Wine On Tap? Now That’s A Niche Market

Tuesday, October 19th, 2010

Wine On Tap. Photo courtesy of xiaming.I’m currently working on the next issue of Welding & Gases Today, and one of the topics explored in this issue is niche markets for gases and welding distributors. Yesterday I came across one such niche via NPR—wine on tap—and I must say the concept is fascinating.

Restaurants and wine bars are increasingly offering wine on tap, with a little help from gases like nitrogen and argon. The use of inert gas pushes the wine from keg to tap without reacting with the wine. In fact, the gas helps preserves the wine longer than a typical bottle might at a restaurant.

While the concept of keg wine has been around for a long time, there is a renewed fervor for the beverage due to it being environmentally—and economically—friendly. It costs less than wholesale bottled wine and the containers are reusable. However, one proponent of wine on tap told NPR there are still some kinks to work out. Hear that? Sounds like opportunity to me! Welding and gases distributors specialize in solutions.

An underserved niche is a great way to expand into new markets. What niches does your company serve? How did you discover them? I’d love to hear about it.

Read about wine on tap or listen to the story below:

Casual Friday: Hand vs. Liquid Nitrogen

Friday, September 24th, 2010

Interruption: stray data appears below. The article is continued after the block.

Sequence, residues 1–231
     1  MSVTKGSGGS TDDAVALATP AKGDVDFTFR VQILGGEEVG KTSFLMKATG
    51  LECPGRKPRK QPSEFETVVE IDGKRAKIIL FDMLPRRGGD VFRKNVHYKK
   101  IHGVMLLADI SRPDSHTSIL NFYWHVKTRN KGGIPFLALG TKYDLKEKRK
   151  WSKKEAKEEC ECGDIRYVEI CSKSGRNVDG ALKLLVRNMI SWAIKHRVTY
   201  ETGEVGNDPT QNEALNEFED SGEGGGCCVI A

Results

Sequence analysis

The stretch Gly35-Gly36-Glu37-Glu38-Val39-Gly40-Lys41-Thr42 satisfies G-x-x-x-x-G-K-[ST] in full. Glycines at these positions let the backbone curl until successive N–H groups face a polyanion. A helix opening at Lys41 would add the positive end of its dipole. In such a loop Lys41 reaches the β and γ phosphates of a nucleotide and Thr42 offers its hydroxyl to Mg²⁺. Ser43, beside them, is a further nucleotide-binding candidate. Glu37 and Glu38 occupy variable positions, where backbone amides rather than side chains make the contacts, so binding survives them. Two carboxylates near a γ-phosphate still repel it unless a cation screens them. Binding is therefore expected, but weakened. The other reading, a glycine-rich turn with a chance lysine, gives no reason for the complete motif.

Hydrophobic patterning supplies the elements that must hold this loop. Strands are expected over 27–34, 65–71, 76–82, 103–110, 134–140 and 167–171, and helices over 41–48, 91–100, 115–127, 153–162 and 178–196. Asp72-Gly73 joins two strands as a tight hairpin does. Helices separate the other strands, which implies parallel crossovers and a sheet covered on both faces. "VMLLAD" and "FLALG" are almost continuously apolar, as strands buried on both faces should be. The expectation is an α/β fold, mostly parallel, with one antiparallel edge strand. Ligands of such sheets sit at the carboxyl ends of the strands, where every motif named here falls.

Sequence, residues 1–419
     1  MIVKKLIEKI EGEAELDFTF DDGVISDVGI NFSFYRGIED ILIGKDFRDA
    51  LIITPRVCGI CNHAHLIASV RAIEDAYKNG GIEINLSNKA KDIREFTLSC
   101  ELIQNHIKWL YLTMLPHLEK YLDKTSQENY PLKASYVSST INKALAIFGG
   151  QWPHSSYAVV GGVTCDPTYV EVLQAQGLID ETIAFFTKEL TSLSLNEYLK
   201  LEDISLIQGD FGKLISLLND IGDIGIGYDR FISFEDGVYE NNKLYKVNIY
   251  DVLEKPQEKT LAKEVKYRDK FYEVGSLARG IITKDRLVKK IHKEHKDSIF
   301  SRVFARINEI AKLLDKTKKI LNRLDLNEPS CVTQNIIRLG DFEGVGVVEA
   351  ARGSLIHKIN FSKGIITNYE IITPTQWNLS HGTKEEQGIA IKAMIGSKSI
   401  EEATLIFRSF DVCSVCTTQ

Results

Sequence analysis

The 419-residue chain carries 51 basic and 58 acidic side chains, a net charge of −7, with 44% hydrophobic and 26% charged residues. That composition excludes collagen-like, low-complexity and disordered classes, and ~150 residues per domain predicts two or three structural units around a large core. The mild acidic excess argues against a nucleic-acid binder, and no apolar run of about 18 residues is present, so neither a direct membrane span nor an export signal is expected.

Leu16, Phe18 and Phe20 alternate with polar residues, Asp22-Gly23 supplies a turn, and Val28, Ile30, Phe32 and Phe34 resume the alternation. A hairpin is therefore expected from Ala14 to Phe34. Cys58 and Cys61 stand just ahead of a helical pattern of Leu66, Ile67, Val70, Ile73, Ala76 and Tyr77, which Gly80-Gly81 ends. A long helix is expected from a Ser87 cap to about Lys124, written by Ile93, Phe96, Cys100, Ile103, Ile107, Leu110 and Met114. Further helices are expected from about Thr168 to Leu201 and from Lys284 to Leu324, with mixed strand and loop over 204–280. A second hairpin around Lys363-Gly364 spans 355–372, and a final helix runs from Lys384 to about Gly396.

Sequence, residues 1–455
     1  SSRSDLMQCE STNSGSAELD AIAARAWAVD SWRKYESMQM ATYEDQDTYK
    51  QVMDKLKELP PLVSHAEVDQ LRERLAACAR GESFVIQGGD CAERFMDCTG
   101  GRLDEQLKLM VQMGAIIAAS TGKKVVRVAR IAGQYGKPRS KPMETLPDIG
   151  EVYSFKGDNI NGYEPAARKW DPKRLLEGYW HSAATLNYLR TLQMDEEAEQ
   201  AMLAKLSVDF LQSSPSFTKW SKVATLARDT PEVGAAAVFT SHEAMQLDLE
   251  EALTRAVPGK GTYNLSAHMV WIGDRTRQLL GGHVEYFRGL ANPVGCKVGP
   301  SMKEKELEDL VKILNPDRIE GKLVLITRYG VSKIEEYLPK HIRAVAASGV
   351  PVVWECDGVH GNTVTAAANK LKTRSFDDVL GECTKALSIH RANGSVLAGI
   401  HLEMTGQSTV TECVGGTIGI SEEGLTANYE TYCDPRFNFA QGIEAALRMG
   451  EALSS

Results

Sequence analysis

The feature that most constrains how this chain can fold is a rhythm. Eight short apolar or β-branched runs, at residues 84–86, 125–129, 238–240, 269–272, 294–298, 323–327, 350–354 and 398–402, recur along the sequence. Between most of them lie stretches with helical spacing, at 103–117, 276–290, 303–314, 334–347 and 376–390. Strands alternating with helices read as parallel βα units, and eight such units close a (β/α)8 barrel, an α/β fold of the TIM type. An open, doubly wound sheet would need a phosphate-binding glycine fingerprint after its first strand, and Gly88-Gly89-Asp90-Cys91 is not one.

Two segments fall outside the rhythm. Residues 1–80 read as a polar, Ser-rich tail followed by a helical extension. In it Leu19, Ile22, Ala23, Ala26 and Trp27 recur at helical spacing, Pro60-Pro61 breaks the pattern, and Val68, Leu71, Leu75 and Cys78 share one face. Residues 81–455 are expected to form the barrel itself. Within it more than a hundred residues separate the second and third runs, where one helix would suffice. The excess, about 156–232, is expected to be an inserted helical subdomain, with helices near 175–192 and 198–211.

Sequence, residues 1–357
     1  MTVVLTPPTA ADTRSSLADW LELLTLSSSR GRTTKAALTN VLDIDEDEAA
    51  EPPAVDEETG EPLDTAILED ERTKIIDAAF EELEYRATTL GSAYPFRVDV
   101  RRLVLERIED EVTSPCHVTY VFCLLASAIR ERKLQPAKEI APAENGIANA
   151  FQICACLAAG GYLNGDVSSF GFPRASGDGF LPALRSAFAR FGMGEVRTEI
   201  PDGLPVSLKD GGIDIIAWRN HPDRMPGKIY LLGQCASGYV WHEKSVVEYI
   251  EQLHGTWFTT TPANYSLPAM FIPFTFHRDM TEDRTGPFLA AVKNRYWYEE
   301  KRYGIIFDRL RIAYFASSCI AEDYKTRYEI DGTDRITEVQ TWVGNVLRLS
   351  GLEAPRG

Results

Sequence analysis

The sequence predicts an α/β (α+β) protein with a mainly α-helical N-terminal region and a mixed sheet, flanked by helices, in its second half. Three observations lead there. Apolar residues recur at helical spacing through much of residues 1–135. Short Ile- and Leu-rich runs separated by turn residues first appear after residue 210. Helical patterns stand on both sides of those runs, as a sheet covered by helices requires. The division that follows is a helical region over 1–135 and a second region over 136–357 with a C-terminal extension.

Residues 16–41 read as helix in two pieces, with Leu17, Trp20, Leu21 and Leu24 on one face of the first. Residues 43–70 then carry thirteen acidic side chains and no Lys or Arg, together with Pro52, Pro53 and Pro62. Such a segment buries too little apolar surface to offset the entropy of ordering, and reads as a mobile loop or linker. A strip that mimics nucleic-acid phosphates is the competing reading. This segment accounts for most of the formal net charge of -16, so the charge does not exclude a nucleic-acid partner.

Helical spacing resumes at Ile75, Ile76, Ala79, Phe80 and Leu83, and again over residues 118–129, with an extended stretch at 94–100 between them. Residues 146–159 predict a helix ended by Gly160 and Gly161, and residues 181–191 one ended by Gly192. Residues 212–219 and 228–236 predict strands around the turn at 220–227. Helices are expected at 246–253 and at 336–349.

Once again, it’s time for a “Casual Friday” video. You could say this is an example of poor safety when it comes to handling gases. In this video, the filmmaker demonstrates a unique property of liquid nitrogen that allows him to insert his hand directly into the Dewar without causing any damage. It is called the Leidenfrost effect, and relies on a barrier of steam that exists momentarily between a liquid and a much higher temperature object.

The effect is cool to watch, but I will never be trying this myself. I like my hands too much for that. Safety definitely outweighs “coolness” in this instance. For every one home scientist who successfully performs the experiment, I imagine there are five who end up in the emergency room.

Would you classify nitrogen here as medical, device or industrial product? Hmm.

What You Need To Know About Airgas vs. Air Products (Part II)

Thursday, September 9th, 2010

AirgasThe Airgas/Air Products war wages on. This week Air Products upped its offer by $2 a share, bringing the offer that started at $60 per share up to $65.50 per share. Shortly after, Airgas promptly reviewed and rejected the offer.

But this will not go on forever. Air Products CEO John McGlade says the company can take a hint: “If Airgas shareholders do not elect these three nominees and approve all of our proposals, we will conclude that shareholders do not want a sale of Airgas at this time—and we will therefore terminate our offer.”

But if you ask Airgas’ Peter McCausland, he’s not buying it: “We believe that Air Products’ threat to withdraw its offer if Airgas stockholders do not elect its nominees and approve its By-Law proposals is just another coercive tactic designed to facilitate the acquisition of Airgas at the lowest possible price.”

Just when it looked like a vote on September 15 could definitively determine Airgas’ fate, the situation is back up in the air. The latest subtext of the back-and-forth is that Airgas may seek other suitors. Says McCausland, “If the January Meeting Proposal does not receive support from a majority of the votes…our Board will explore all available alternatives to the grossly inadequate Air Products offer in order to enhance stockholder value.” According to Bloomberg, “alternatives” typically involves soliciting bids from other potential buyers. Could Airgas be up for sale?